There's an easy and inexpensive solution to make your yard stand out on the landscape.
By JOHN A. STARNES JR.
Published June 12, 2004
[Times photo: Jim Damaske]
The colorful blooms of the hibiscus can offer relief from bland hedges.
Let's face it, landscape hedges are about as exciting as reruns of Hawaii Five-0, but this is Florida, and we can change from boring to bodacious with the elegance of hibiscus shrubs.
Imagine an alluring apricot or regal red hibiscus in place of a drab ligustrum. The hibiscus' colorful blooms personify Florida's splendor and offer an inexpensive solution to our sometimes bland landscapes.
The husky own-root shrubs sold in 1-gallon pots cost from $3 to $4 (those expensive, grafted shrubs revert to the root stock after a hard freeze kills the tops) and are easy to root from cuttings in builder's sand. Space them 2 to 3 feet apart in a sunny location and in fertile soil. They will quickly merge into a hedge that can be kept formally clipped or allowed to display their natural grace. A hard cut-back each March will keep them in bounds; lay the branches on the ground on both sides of the hedge to decay into a natural mulch that will soon be hidden as they grow back.
I've been creating hibiscus hedges for clients since 1984 and have developed these steps: Plant them 4 inches deeper than they grew in the pot (this is insurance against hard freezes that might kill the base of the plant).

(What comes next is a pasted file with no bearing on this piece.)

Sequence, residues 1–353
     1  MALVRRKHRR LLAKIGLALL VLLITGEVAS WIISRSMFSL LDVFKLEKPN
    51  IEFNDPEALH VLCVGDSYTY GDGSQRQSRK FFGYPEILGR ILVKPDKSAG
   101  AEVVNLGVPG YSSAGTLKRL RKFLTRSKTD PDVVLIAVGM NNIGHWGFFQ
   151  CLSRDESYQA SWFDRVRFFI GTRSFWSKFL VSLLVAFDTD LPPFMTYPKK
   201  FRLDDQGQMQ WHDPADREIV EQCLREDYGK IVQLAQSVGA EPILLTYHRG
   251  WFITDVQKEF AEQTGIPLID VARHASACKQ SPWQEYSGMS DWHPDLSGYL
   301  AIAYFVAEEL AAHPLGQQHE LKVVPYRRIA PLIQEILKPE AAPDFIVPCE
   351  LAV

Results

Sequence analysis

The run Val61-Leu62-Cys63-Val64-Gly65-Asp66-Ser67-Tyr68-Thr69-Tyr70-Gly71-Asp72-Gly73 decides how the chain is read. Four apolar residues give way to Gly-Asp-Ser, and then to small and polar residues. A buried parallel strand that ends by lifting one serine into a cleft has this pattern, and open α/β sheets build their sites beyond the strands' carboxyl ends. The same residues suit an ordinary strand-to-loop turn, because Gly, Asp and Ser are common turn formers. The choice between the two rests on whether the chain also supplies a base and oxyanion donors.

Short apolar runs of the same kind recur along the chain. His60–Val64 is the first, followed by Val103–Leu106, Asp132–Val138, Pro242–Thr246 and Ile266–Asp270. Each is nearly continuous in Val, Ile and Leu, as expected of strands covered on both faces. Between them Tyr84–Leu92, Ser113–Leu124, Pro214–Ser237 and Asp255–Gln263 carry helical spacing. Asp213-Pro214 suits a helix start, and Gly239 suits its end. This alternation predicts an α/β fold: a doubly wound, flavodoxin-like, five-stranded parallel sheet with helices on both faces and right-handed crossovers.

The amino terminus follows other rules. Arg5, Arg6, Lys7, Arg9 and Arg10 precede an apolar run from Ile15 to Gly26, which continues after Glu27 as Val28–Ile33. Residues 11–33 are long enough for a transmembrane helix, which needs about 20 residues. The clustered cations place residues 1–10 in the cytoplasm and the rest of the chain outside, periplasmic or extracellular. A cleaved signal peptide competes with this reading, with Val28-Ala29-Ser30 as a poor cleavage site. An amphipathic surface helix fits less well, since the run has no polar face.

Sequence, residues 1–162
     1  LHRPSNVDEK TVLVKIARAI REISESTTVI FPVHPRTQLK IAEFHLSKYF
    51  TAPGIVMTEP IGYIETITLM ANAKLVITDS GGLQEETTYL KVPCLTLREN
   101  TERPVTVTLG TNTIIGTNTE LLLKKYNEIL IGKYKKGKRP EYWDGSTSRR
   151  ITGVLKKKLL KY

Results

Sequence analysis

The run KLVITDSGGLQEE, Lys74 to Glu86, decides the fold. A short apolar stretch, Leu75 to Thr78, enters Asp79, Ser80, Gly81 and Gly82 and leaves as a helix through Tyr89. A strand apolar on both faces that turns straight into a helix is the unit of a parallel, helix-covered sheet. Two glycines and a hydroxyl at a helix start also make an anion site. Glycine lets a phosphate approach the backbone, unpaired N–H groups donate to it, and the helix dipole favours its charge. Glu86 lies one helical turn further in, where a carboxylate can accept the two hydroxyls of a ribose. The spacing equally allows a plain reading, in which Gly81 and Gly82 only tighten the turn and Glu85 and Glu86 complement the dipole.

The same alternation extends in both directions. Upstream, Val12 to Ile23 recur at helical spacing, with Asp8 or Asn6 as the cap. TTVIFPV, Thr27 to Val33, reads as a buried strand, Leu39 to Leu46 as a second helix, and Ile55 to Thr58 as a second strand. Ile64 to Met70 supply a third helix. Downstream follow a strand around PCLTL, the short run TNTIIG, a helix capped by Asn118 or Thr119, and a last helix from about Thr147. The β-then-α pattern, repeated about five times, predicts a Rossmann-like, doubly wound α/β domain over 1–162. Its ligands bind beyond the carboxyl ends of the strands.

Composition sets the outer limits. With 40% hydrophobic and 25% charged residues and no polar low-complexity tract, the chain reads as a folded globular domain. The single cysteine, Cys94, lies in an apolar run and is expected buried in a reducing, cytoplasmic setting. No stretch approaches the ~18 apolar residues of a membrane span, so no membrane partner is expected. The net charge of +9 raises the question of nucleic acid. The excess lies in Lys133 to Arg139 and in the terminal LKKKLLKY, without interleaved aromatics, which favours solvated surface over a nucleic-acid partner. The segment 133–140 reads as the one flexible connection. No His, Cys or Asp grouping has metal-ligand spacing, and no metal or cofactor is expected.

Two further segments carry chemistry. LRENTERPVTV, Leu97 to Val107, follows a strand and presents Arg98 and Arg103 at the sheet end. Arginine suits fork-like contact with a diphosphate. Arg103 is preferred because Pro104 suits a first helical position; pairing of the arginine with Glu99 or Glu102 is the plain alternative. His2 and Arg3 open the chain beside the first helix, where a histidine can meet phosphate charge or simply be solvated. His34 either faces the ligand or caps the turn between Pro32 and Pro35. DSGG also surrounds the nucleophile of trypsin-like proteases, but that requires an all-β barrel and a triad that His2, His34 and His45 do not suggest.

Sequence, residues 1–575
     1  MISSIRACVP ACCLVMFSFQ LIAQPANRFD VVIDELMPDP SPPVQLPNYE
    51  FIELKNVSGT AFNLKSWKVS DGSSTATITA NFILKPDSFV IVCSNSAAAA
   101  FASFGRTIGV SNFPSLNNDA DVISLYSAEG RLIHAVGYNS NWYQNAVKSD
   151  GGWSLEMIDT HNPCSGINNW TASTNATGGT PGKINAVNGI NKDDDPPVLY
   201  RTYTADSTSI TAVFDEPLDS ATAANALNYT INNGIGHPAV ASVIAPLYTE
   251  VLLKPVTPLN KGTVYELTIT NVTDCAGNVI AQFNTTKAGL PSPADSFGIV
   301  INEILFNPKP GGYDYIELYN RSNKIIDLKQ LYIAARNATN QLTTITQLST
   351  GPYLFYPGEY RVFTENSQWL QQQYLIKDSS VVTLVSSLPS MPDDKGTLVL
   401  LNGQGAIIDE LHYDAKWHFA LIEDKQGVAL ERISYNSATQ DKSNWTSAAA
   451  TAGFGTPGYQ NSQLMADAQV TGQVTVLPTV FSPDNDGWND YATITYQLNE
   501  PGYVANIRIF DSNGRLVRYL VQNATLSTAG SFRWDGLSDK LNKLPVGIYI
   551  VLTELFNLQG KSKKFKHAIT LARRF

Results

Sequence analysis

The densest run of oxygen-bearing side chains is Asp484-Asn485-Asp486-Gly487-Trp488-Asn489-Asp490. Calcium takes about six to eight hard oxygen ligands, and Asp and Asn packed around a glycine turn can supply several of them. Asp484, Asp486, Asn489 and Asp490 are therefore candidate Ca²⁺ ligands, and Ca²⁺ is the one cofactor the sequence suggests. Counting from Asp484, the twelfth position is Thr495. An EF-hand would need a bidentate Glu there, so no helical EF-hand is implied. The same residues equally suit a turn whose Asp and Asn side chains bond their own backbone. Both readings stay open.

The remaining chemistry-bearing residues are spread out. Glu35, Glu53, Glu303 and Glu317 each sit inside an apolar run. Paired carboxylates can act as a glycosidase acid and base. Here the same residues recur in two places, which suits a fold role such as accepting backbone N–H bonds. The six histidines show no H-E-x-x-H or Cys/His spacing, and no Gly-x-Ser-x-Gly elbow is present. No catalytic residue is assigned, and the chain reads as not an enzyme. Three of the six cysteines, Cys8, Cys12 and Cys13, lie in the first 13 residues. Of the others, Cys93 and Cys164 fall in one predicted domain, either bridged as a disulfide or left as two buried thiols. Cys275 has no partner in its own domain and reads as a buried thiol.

Lightly sprinkle dolomitic limestone on them annually if in acid soil (the norm in inland central Florida), feed the entire yard each March, July, September and December with menhaden fish meal or Calf-Manna pellets and keep them mulched for rich, moist soil.
A hibiscus hedge can create exotic, soft to the skin privacy for a swimming pool or hot tub, mask a long stretch of boring chain link fence, define a property line, add welcome color to the front of your home, plus add some zing to salads. Yup, hibiscus petals are edible, and fresh petals tossed in with that Romaine and arugula add a mildly sweet taste and relief from sorry sameness.
Bug and disease problems are very minimal with well-fed, deeply mulched hibiscus shrubs, though mealy bugs will infest those stressed long term by drought, starvation or chronically soggy soil.
Can't think of the last time someone admired your drab green hedges? Go ahead, yank 'em out and invite in the cheer and ease of hibiscus as a celebration of life in this lovely state we call home.
John A. Starnes Jr., born in Key West, is an avid organic gardener and rosarian who studies, collects, cultivates and hybridizes roses for the diverse regions of Florida. He can be reached at email@example.com
Speaking of hibiscus. There will be a show and sale from 1-4 p.m. Sunday at the Pinellas County Extension Service near Heritage Village, 12175 125th St. N, Largo. The event is free. There will be a presentation on rooting hibiscus at 2 p.m. For more information, call (727) 582-2100 or log on to: http://sunsetchapter.org